Hwange National Park
Hwange National Park encompasses 14,500 square kms of which only the northern third is used for commercial purposes. The northern central area, around Sinamatella, is prolific in natural features including permanent water holes, natural springs, mineral and salt licks and underground water sources which are used by the wildlife especially in the dry season, June to November, when the resources become scarce in the south. This is where Leon Varley concentrates his safari operations. It is not as accessible as the east of the park and so is less utilized by the tourist industry, ensuring a more satisfying wilderness experience.
Hwange has a healthy population of the main southern African game species such as buffalo, giraffe, lion, leopard, kudu, sable, rhino, impala, wildebeest, zebra, eland and the smaller mammals but as an elephant viewing destination it stands on its own. The elephant population is conservatively estimated at over 35,000 and during the dry season it is not unusual to count over 1,000 animals at some waterholes over a 24 hour period. This area is also a protection zone for black rhino and it is still possible to track these magnificent animals.
There are a number of camps in the Sinamatella area which we use. They all overlook the Lukosi River and are chosen because of their proximity to either pools or underground water sources that are used by game during the dry season. Known as Eco Camps, these camps have no permanent structures and everything must be taken in and then removed after every safari.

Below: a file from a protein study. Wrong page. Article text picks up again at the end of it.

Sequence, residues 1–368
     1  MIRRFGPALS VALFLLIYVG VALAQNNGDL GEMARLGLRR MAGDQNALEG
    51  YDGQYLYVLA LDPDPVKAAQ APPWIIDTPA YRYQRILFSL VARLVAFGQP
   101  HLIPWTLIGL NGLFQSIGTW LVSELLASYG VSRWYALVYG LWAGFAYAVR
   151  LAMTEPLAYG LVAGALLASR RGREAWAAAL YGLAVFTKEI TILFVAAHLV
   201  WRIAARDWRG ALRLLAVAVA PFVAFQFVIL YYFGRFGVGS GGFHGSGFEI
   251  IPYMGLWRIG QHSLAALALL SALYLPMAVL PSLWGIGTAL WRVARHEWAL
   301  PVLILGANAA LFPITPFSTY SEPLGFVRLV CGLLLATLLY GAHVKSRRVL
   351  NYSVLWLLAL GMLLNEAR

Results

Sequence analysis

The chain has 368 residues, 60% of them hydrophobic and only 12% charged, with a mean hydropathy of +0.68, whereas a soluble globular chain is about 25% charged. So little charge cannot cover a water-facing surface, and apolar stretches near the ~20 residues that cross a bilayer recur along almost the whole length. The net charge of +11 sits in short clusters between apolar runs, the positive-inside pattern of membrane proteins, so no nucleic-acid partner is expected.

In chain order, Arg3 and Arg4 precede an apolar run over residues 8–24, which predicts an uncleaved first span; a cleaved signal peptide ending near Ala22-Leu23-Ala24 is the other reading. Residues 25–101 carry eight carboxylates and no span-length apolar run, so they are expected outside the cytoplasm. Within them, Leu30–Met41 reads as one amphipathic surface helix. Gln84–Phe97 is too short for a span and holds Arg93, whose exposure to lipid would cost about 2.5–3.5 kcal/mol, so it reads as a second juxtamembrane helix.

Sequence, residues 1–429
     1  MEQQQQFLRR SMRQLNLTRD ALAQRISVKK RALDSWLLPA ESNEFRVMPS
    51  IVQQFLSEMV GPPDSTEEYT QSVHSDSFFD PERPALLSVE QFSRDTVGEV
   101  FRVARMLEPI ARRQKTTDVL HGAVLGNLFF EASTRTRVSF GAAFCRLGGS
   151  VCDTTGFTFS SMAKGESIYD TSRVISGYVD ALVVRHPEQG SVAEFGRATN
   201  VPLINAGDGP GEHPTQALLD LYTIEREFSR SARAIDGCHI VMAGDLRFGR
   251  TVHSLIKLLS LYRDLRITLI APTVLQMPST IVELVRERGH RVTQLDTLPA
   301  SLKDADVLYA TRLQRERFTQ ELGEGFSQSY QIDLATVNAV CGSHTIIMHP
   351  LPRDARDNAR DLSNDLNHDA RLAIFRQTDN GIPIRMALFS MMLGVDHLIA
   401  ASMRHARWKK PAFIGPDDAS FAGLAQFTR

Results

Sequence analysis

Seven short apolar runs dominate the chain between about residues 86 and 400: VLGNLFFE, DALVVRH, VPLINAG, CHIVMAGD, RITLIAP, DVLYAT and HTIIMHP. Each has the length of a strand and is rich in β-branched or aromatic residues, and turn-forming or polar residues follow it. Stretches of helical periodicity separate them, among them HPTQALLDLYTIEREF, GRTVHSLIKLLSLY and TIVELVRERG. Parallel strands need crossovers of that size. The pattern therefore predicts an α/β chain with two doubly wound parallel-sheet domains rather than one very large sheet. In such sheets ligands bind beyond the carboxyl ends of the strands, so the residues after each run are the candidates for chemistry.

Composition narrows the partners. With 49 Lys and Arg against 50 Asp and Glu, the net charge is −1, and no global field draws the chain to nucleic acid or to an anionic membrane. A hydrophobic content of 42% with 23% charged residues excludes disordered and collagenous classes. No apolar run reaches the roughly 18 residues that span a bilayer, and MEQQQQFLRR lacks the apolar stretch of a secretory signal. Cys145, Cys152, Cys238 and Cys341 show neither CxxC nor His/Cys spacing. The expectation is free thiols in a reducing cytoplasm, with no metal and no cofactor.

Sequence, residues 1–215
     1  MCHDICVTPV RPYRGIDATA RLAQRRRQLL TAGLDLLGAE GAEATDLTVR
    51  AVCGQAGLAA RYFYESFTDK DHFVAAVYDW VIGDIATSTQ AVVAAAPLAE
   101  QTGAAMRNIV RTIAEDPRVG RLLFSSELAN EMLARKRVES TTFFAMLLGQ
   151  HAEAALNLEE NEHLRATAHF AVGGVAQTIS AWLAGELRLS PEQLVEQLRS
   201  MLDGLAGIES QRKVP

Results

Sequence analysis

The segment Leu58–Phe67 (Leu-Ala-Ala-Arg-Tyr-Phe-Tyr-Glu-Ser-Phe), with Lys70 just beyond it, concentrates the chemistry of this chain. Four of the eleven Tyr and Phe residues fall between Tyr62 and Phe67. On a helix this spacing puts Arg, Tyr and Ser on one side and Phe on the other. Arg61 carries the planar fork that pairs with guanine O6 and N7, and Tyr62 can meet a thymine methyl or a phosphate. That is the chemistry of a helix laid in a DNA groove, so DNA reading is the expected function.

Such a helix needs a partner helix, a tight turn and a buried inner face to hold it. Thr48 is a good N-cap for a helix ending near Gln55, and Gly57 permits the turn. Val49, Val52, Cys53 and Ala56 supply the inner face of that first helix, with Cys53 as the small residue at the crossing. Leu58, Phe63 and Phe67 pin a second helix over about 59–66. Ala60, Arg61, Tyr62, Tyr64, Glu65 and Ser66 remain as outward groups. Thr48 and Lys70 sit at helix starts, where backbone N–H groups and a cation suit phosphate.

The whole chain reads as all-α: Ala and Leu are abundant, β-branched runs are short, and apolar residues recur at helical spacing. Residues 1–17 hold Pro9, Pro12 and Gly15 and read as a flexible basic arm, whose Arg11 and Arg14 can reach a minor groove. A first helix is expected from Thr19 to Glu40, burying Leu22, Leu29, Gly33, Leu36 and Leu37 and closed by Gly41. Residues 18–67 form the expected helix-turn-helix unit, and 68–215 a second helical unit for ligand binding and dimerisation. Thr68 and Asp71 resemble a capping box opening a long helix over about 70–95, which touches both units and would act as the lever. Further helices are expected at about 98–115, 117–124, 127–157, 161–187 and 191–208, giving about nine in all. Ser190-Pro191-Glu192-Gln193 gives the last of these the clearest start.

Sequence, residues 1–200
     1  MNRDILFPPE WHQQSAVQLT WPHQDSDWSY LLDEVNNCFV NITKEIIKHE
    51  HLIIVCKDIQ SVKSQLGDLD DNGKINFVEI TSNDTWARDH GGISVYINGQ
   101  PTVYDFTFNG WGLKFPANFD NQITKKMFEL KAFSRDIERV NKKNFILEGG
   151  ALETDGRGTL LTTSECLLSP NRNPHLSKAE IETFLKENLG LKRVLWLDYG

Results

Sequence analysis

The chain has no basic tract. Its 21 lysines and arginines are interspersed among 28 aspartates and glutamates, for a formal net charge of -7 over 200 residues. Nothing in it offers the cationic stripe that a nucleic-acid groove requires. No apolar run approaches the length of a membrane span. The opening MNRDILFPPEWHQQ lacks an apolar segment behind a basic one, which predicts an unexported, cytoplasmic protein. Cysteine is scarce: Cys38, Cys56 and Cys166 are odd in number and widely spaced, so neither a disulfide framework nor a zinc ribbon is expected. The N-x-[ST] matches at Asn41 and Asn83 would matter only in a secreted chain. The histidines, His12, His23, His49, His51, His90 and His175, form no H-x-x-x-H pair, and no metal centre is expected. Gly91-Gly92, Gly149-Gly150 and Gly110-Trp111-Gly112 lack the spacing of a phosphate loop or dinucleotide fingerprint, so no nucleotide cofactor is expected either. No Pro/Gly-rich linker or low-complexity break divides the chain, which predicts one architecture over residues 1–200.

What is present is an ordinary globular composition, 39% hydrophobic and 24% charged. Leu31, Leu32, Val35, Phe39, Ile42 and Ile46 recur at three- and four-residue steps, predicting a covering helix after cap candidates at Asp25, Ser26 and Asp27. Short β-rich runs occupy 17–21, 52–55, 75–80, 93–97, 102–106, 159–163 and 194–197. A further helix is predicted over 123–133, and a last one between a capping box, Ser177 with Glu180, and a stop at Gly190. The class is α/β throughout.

Our camp is comfortable with traditional large walk in tents which have bush bathrooms en-suite and proper beds and bedding. Dining is either around the campfire or in a dining tent well placed to overlook the river bed. All camp chores, food preparations and laundry service are carried out by experienced camp staff.
Transport is by open game viewing vehicle and each safari is taken by Leon Varley and a traditional Matabele tracker. The guide is fully licensed armed and carries a well stocked first aid kit and satellite phone. The tracker carries a back up weapon and extra water.
Walks are taken in the morning after an early breakfast and late afternoon when it is cooler. Participants must be fit enough to be able to cover 15 -20 kms in a day split into two or three separate walks. Much of the time on the ground is spent tracking and stalking large game, mainly rhino and lion as they are the more elusive and unlikely to be come across by chance. Leopard is notoriously hard to track but is an animal of habit and tends to be found in the same areas. Other game is prolific enough to chance on or see at the water holes.
The middle of the day is spent either in camp or at a waterhole where lunch will be served. We return to camp 30 minutes after sunset for sundowners, a hot shower, dinner and drinks around the fire.